Written by: Natalia Kokesova
The COVID-19 pandemic affected industries across the world, with the global luxury fashion industry being no exception. The USD 2.5 trillion luxury fashion industry faces considerable financial loses, a recessionary market, a crushed consumer demand, store closures, disrupted supply chains, and other “repercussions from the boardrooms of world class luxury brands to the textile workers in developing countries”. These repercussions have been predicted to cause the global luxury fashion industry to contract 30%.
The business halt caused by lockdowns has created an opportunity to question current business models and industry practices. The industry is undergoing what has been described as a “seismic change” , and certain industry shifts which are gaining momentum have the ability of reshaping the industry into a more sustainable, efficient, and consumer aware business. This article will explore three trends likely to grow within the luxury fashion industry post-pandemic.
Excess inventory as a result of decreased consumer demand is homogenously affecting the luxury fashion industry. It has been estimated that the number of luxury items in stock is up by 32% compared to last year. Brands usually opt to redistribute their stock to other regions, hold private sales, or allow staff to purchase at discount prices to address this issue. However, currently, the most efficient manner to clear such increased inventory might be discounting.
Selling items on discount has been consistently frowned upon by certain brands: Louis Vuitton has a policy of never selling at discount in stores, and last year Prada decided to end discounting in order to “enhance product value”. Ironically, however, discounting might in fact enhance product value since in-store and online discounts are an opportunity for brands to create their own sales channels while maintaining control of the customer’s shopping experience (Q). This would in turn allow brands to uphold their service reputation and further promote their brand.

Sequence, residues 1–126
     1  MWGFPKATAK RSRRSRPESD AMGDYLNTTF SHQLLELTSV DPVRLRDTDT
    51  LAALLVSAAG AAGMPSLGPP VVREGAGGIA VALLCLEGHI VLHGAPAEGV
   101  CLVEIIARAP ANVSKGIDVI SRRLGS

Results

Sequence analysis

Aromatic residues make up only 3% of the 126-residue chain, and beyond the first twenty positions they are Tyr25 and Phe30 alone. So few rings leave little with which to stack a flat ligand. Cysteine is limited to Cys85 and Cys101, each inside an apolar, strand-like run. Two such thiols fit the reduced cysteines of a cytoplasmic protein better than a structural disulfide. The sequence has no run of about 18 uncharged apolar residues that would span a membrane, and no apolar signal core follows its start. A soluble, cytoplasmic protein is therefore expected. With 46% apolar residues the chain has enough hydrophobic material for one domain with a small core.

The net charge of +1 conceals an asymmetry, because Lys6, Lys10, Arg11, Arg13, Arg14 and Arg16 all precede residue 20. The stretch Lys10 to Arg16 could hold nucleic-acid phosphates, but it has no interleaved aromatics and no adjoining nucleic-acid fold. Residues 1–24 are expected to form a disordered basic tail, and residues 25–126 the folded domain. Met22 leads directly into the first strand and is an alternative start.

A similar option to hold discounts might be redistributing excess stock to outlets. At the end of March, the luxury department store Harrods made headlines by opening its first outlet in an attempt to clear excess inventory built up during the lockdown. Harrods’ managing director Michael Ward notes that this will allow for “better social distancing… move towards the new season … confidently, and retail in a responsible way”. Nevertheless, it might be preferable for some customers to use contactless digital commerce services rather than complying with in-store hygienic measures and social distancing rules.
Hence, brands could opt for digitalizing sales through third-party retailers. This would require luxury fashion houses to collaborate with leading online retailers and resale third parties such as TheRealReal and Farfetch to clear excess inventory. Such collaboration would facilitate providing a flawless customer service while efficiently liberating stock. However, as this might option might be translated into ceding control of the brand’s service and image, whether brands will so easily accept to collaborate, is not certain.
In fact, some brands such as Chanel and Louis Vuitton, have opted to take the opposite approach to their post-pandemic business strategy by increasing prices – some brands did so twice in two months – on their handbags, small leather goods and shoes. Hence, discounting might not be the preferred option for luxury brands, and until notable names in the sector explicitly support discounting, this trend has the potential but is not yet crystallized.